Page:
etal resistance or tolerance, cultural practices, and chemi-    and die. Infection can occur through wounds caused by
cal controls, and every effort should be made to minimize       insects, cultivation, or harvesting, or through root tips.
pesticide use. However, when no other management tech-          Symptoms include shriveling spears or yellowing ferns,

                                                     Guide H-227 • Page 3
and eventual dead ferns. Infected roots are reddish-                be white and partially lignified. Harvesters should avoid
brown. Crowns eventually turn reddish brown, rot, and               damaging crowns with the harvesting knives. Harvest as-
die. To control Fusarium wilt, avoid planting in land               paragus early in the day while the spears are still cool, and
where asparagus previously grew, plant resistant variet-            refrigerate as soon as possible after cutting.
ies, and avoid stressing or damaging plants.                            Harvest duration depends on method of establish-
    Asparagus rust and Cercospora needle blight are poten-          ment, overall plant vigor, and age of planting. In south-
tial problems in prolonged, rainy weather. Asparagus rust is        ern New Mexico, where the growing season is longer,
caused by a fungus that infects ferns after harvest. Extensive      one-year-old plants established from crowns can be
infection reduces the fern’s ability to produce carbohy-            lightly harvested the first year after planting. This har-
drates, causing an overall decline in crown vigor. Reddish-         vest can last up to three weeks, assuming stem diameters
brown pustules on ferns indicate the fungus is present.             are not less than an average of ¼ inch.
Spores are spread by wind and rain. Control measures in-                Do not harvest transplants the first year after planting,
clude resistant varieties and preventive chemical sprays.           but both crown and transplant asparagus can be lightly
    Cercospora needle blight is also caused by a fungus.            harvested the second season. For the next two years, harvest
Its symptoms occur midway through the growing sea-                  up to eight weeks. From year four on, harvest a maximum
son, causing ferns to die prematurely. Infected ferns are           of 10 weeks/year. Pick the field clean so none of the spears
characterized by small, tan-to-gray, oval or elliptic spots         develop into ferns during the harvest season. Early fern
with reddish brown margins.                                         production attracts insects and disease problems and de-
    Premature plant defoliation at this crucial time will           pletes food reserves needed for additional spear production.
reduce carbohydrate accumulation. The fungus can                    Harvest duration will depend upon the vigor of the plants
spread quickly under conditions of high rainfall and                the previous season. Do not overharvest and weaken plants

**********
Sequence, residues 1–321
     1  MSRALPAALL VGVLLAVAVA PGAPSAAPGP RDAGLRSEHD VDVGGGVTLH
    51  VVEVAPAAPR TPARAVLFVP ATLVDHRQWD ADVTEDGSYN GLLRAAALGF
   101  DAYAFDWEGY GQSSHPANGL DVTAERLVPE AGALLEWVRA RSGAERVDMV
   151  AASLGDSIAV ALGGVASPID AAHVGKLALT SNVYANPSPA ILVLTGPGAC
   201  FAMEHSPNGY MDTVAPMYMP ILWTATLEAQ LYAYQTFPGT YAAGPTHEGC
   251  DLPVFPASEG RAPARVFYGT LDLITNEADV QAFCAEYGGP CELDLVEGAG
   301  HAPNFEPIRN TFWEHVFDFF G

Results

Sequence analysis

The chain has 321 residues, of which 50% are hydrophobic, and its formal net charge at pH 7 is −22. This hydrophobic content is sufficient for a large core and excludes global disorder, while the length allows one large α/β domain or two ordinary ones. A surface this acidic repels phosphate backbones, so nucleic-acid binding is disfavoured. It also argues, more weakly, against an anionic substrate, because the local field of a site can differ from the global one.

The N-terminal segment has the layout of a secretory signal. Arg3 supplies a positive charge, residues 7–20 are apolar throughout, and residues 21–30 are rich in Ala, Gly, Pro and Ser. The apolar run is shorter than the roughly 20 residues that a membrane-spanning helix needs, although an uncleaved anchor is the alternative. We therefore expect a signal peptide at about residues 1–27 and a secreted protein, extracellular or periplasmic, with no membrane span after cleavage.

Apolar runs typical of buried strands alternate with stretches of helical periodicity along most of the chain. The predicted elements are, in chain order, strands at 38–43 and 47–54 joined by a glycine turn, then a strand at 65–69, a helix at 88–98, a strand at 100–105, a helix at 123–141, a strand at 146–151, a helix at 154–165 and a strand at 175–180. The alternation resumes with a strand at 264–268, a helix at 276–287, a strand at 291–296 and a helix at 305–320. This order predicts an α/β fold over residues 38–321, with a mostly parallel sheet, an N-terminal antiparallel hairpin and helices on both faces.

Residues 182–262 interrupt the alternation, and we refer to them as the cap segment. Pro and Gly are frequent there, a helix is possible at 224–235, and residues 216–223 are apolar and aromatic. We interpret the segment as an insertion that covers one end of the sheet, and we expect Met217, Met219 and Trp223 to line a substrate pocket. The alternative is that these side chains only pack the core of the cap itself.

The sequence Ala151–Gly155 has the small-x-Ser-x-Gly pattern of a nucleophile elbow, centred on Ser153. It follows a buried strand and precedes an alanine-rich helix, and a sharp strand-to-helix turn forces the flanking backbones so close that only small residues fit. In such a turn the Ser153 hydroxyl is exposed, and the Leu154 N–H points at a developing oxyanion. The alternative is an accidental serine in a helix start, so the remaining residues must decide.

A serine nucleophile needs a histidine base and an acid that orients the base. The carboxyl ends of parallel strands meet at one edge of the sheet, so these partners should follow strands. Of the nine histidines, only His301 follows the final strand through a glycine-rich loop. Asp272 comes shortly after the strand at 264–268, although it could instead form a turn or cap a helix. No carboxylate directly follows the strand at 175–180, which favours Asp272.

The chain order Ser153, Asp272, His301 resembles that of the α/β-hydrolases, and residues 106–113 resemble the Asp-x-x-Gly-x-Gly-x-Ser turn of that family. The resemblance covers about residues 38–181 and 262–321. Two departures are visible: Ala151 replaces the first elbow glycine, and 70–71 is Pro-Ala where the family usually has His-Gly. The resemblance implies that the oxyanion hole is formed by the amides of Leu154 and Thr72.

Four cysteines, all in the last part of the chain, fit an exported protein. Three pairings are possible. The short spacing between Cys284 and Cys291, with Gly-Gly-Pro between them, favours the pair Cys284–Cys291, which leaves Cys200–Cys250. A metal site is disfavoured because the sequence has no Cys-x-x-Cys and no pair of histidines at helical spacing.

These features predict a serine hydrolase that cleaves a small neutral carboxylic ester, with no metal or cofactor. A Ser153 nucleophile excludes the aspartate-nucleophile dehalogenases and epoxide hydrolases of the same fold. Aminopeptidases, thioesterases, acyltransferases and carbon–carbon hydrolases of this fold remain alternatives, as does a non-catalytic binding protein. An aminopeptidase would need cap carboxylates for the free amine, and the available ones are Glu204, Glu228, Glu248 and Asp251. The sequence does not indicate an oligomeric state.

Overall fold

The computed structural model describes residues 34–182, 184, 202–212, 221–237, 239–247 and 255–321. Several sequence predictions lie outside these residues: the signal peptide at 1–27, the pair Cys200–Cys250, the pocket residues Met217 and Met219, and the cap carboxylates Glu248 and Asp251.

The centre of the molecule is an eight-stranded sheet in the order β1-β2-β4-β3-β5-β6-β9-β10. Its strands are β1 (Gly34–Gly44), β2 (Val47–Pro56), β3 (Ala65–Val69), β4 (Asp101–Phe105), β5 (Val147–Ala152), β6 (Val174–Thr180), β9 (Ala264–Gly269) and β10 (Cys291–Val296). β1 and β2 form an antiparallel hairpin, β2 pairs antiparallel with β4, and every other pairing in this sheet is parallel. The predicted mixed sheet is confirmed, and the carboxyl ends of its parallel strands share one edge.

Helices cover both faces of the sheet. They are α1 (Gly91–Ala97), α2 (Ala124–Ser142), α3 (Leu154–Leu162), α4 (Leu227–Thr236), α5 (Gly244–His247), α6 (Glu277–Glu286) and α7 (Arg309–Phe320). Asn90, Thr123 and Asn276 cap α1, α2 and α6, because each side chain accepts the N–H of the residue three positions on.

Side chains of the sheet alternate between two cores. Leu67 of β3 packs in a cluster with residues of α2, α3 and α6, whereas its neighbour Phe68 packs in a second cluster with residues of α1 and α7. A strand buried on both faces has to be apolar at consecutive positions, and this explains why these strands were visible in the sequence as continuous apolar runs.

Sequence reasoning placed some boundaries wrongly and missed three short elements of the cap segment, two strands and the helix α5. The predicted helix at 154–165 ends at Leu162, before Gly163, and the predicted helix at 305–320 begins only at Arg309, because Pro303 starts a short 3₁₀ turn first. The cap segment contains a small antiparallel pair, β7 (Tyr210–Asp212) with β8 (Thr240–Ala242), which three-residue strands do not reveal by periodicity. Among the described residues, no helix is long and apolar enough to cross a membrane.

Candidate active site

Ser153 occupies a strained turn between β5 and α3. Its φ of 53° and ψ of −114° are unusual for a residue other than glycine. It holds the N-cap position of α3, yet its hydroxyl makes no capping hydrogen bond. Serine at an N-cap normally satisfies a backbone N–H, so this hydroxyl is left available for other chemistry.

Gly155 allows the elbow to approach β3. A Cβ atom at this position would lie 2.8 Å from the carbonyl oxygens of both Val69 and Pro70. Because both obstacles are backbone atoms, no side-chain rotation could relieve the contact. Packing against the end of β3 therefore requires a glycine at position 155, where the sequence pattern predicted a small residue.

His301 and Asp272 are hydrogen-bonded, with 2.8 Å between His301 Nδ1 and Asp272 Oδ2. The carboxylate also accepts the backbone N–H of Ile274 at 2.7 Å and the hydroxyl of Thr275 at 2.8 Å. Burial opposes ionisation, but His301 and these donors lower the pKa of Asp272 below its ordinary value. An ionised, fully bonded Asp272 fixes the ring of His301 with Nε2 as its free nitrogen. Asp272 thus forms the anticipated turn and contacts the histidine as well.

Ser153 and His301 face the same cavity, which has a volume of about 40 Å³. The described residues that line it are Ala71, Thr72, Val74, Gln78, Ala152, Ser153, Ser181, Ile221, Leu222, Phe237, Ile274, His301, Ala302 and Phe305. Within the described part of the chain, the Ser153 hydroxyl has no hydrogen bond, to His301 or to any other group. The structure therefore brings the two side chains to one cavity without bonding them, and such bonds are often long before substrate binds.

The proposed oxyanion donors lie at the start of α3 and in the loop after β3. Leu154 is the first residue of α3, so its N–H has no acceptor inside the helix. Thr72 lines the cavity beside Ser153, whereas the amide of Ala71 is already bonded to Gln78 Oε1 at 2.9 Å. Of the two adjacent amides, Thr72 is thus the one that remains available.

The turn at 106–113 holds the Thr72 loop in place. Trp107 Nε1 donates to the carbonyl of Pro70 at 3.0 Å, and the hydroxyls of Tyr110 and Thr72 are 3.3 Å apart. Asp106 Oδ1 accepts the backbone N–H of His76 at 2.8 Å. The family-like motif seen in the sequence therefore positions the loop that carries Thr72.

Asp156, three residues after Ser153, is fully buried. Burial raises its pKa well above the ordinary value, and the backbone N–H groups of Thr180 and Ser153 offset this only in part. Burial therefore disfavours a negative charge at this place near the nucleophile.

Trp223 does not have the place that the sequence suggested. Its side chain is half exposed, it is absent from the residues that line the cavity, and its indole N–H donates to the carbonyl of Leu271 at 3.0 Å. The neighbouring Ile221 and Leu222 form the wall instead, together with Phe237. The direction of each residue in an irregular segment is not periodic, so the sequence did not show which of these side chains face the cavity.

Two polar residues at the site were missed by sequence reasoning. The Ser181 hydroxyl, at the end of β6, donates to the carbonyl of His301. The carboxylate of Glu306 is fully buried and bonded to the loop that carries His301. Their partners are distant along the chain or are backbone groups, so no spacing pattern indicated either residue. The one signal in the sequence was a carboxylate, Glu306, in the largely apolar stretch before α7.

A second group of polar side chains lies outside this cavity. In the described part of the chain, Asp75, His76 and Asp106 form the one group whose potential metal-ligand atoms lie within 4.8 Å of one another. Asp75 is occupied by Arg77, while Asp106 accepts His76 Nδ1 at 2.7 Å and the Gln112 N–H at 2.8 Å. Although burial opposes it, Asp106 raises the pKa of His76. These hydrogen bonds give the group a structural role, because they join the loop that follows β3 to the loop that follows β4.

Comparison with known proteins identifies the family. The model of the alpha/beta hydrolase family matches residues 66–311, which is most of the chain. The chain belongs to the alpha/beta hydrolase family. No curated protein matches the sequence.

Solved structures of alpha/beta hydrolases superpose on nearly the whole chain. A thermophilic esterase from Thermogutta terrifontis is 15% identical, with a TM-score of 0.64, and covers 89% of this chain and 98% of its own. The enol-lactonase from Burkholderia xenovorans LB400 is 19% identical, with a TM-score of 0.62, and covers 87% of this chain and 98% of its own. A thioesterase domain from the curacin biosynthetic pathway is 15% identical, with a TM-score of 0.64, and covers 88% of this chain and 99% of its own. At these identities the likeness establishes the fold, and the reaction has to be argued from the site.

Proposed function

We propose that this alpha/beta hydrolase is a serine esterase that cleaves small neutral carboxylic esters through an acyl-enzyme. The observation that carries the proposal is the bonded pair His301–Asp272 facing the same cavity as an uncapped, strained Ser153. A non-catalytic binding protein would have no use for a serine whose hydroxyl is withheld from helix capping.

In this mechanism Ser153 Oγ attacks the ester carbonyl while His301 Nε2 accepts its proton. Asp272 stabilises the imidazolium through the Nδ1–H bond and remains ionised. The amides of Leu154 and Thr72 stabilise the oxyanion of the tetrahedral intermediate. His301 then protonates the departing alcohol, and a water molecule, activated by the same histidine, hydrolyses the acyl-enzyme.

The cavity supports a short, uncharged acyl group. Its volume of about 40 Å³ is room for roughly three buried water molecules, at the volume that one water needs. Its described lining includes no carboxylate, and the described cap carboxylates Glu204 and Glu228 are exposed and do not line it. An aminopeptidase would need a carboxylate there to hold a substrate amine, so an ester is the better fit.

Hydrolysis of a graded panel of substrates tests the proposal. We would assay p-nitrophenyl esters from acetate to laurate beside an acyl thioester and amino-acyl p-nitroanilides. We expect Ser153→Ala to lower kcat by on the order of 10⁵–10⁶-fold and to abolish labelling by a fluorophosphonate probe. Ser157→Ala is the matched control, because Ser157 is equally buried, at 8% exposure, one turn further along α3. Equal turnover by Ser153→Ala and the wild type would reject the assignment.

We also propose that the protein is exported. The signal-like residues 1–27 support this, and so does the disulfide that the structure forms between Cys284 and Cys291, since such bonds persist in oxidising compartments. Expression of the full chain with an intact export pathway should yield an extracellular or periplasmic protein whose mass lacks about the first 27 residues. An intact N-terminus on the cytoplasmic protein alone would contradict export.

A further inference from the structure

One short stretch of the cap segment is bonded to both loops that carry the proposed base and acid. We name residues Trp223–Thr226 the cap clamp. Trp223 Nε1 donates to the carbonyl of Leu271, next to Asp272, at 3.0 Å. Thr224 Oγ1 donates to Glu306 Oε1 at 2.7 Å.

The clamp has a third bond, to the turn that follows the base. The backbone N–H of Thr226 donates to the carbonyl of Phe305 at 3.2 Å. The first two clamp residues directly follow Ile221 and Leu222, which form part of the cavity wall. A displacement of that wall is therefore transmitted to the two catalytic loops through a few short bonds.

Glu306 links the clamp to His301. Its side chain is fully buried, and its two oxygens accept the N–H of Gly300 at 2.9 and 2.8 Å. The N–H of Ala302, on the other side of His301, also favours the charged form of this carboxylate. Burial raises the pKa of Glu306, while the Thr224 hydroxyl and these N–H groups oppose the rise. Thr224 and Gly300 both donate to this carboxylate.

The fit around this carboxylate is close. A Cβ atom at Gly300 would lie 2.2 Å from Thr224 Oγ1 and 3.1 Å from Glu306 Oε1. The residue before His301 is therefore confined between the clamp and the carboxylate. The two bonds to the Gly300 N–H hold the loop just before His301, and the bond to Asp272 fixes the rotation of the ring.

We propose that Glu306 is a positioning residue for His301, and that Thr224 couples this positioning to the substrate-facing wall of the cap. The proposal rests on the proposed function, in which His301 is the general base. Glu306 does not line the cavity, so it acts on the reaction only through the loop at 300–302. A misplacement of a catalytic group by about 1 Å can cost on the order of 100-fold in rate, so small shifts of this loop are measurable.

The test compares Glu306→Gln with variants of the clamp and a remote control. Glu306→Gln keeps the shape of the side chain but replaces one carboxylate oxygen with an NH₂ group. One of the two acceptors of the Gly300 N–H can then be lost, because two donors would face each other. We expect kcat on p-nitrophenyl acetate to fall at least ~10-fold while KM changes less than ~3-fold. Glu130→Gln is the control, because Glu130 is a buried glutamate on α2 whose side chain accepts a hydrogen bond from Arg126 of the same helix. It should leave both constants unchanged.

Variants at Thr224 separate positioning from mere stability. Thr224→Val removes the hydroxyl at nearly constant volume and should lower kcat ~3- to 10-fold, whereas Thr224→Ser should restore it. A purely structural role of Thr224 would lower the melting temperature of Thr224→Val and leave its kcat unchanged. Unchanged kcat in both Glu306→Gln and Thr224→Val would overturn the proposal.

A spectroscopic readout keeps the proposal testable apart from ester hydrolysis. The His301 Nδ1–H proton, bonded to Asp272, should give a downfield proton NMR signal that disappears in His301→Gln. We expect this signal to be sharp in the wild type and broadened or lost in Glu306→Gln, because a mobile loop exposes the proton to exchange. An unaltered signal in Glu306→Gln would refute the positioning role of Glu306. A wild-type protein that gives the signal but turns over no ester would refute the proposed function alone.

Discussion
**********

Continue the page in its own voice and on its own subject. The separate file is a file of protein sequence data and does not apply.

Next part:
humidity. A registered, preventive fungicide should help            if you want to maintain long-term viability of the planting.
control this disease.                                               Stop harvesting when the diameter of emerging spears is
                                                                    less than that of a pencil (approximately ¼ inch).

Asparagus spear production depends on carbohydrates                 StoRAge
stored in the crown from the previous season, as sufficient         Asparagus is highly perishable and should be cooled as
stored carbohydrates are necessary after harvest to pro-            soon as possible to maintain quality. Asparagus can be
duce vigorous ferns. To have healthy, productive plants             hydrocooled with ice water and put into cold storage.
the following year, avoid excessive harvesting. When aver-          Optimum storage temperature is 32 to 36°F at 95%
age spear groundline diameter declines to ¼ in., harvest            relative humidity, making storage of two to three weeks
should be stopped and plants allowed to produce ferns to            possible. Storage below optimum temperatures can lead
replenish carbohydrates for the next season.                        to limp, mushy, discolored spears. Storage above opti-
   The harvest interval is usually three times/week early           mum temperatures will result in partially open bracts
in the season when soil and air temperatures are low.               and potential disease and rot problems. Phytophthora,
Daily harvesting is possible toward the end of the sea-             Botrytis, and Fusarium rots can all occur when aspara-
son as temperatures warm. The New Mexico asparagus                  gus is stored at temperatures above the optimum range.
harvest season begins in southern New Mexico in early
March, and moves north with harvests in the Los Lunas
area in early April and Farmington in early May. Dates
vary yearly depending upon local climate conditions.                  Original authors: Rich Phillips, former farm
   Asparagus can either be snapped or cut with a special
long-handle knife. Snapping asparagus is faster than cut-             superintendent; George W. Dickerson, former Extension
ting asparagus and gives completely tender spears. Cutting            horticulturist; and Ron Hooks, former professor, all of
asparagus results in greater yields because spears are cut 1 to       the Department of Agronomy and Horticulture.
2 in. below ground. The bottom of the spear will, however,

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Revised September 2009                                                                                         las cruces, NM
                                                      Guide H-227 • Page 4